What is your routine for writing?
Working it isn’t always easy to fit writing in. I always keep a notebook with me wherever I go, so I can write if I get ideas. I often write on the bus into town as it takes over an hour. I know a lot of people write straight to their iphones/ipads/computers. I can’t work like that. I always do a first draft on paper, yes I have a pretty impressive collection of notebooks. Then type it up and make edits as I go, then keep editing on the computer until it is exactly how I want it to be.
How did you come up with the title?
Titles and names are my curse. I completely hate coming up with either! The title came from a Queen song I was playing during writing the first few chapters. It just seemed to fit with the message I was trying to give. I play a lot of Queen, Bowie and Adam Lambert music as muse for writing. Anything rock with a good beat.
Do you see writing as a career?
I hope to one day yes. For now I work bar and retail jobs to pay the bills, writing in every moment of spare time I have. The dream would be to of course one day be able to support just from my writing, but I know that is a good few years off yet. Doesn’t stop me from keep trying, nothing worthwhile is easy and nothing easy is worthwhile. I can’t wait until I can stand there signing at my first book event, talking to my fans about my work. That would be wonderful.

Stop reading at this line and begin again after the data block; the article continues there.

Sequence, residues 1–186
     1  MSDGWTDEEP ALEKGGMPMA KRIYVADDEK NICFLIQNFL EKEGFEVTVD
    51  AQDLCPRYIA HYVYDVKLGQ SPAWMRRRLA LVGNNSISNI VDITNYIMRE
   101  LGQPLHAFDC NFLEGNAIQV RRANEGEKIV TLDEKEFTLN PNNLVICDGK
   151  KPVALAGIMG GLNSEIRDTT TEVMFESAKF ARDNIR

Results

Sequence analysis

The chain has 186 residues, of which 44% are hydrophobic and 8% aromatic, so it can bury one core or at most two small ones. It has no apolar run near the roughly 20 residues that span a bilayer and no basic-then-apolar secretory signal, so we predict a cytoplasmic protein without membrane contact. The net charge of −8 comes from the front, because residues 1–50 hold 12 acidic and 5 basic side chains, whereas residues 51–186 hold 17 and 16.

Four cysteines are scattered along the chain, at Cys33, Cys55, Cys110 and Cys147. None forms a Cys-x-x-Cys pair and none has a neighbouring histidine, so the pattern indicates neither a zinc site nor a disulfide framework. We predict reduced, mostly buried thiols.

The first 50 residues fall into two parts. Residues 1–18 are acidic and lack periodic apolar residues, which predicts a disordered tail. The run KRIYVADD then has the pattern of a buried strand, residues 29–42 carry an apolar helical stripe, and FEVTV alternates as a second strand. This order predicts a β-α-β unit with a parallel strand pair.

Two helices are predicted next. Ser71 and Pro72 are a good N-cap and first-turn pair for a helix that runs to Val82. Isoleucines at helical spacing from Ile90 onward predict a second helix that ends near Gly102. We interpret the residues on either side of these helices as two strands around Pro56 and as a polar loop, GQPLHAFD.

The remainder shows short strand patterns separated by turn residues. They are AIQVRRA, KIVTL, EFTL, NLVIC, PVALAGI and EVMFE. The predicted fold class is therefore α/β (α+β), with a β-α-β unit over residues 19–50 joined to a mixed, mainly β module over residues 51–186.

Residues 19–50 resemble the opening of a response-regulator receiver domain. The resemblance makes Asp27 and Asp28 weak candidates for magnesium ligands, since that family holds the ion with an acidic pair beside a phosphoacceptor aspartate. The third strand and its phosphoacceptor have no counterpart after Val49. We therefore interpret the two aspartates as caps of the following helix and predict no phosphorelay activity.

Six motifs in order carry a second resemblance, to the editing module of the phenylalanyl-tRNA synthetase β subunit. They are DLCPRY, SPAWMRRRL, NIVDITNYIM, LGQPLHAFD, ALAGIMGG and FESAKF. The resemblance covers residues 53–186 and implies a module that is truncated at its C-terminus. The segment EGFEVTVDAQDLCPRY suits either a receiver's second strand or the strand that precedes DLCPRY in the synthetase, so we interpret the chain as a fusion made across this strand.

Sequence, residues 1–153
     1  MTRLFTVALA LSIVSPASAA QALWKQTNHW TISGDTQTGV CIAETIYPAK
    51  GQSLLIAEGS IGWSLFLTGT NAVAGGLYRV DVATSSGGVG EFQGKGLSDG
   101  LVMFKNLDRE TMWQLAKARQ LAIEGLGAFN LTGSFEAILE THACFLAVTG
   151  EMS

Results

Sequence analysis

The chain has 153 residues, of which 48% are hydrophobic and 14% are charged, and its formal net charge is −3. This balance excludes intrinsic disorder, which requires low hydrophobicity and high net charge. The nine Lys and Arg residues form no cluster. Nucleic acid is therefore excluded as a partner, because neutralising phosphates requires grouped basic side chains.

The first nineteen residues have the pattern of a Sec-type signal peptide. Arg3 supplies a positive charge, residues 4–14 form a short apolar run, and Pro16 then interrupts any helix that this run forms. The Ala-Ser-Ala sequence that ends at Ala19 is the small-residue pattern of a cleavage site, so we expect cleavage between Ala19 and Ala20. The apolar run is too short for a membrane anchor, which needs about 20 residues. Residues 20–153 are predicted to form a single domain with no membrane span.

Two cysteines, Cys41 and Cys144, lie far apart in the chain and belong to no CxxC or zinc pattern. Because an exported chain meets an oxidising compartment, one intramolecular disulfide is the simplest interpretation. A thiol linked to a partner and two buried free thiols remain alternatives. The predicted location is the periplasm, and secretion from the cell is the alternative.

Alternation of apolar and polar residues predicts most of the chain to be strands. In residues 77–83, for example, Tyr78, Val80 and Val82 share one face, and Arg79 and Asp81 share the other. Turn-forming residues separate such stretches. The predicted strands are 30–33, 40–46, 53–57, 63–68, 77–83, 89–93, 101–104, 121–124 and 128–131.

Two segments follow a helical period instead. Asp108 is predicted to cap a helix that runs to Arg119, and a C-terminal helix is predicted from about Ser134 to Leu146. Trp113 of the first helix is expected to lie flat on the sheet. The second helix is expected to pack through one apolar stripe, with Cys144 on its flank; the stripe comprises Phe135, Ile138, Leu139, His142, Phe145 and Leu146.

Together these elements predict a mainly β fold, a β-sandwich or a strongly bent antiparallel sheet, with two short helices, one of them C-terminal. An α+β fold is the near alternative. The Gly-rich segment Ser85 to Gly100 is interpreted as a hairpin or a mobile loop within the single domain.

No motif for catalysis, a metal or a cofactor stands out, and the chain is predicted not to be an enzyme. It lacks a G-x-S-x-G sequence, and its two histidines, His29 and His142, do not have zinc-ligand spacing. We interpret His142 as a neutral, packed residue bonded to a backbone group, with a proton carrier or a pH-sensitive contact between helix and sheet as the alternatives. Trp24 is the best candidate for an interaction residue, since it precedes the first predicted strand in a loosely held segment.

Who designed the cover?
Originally it was planned to have a hand drawn cover, I had arranged an artist I knew to sketch it for me who let me down. With my deadline looming I had to design a cover myself that I am not completely happy with. If it reissues in the future I will change the cover artwork to something more like my first imagining.
Do you ever get writer's block? and if so how do you break it?
All the time, it drives me completely crazy. Like all writers there are days when writing chapters looks a lot more like playing candy crush and eating cheese puffs. Going out for long walks sometimes helps clear my head on the really bad days. I try to work on other projects, or skip ahead to a chapter where I know what is going to happen then back track. I actually wrote the second to last chapter of this book halfway through writing it, so I knew where I was going to find out how to get there. When I got to the actual ending Jack pointed out he needed to say something else, so we ended up with a second ending, but it all worked out in the end. I have really good muses who always try to help me out when I am stuck, and great beta readers as well.